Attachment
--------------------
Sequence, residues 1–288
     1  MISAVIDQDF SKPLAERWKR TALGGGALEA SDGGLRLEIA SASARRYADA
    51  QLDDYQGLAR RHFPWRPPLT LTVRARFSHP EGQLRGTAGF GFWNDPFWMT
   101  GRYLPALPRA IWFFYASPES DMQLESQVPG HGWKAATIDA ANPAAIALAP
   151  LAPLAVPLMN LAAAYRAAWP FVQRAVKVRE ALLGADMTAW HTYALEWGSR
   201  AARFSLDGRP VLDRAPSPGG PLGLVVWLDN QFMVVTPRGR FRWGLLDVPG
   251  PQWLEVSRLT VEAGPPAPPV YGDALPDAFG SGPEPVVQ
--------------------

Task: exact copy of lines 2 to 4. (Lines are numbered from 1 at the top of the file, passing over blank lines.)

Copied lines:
     1  MISAVIDQDF SKPLAERWKR TALGGGALEA SDGGLRLEIA SASARRYADA
    51  QLDDYQGLAR RHFPWRPPLT LTVRARFSHP EGQLRGTAGF GFWNDPFWMT
   101  GRYLPALPRA IWFFYASPES DMQLESQVPG HGWKAATIDA ANPAAIALAP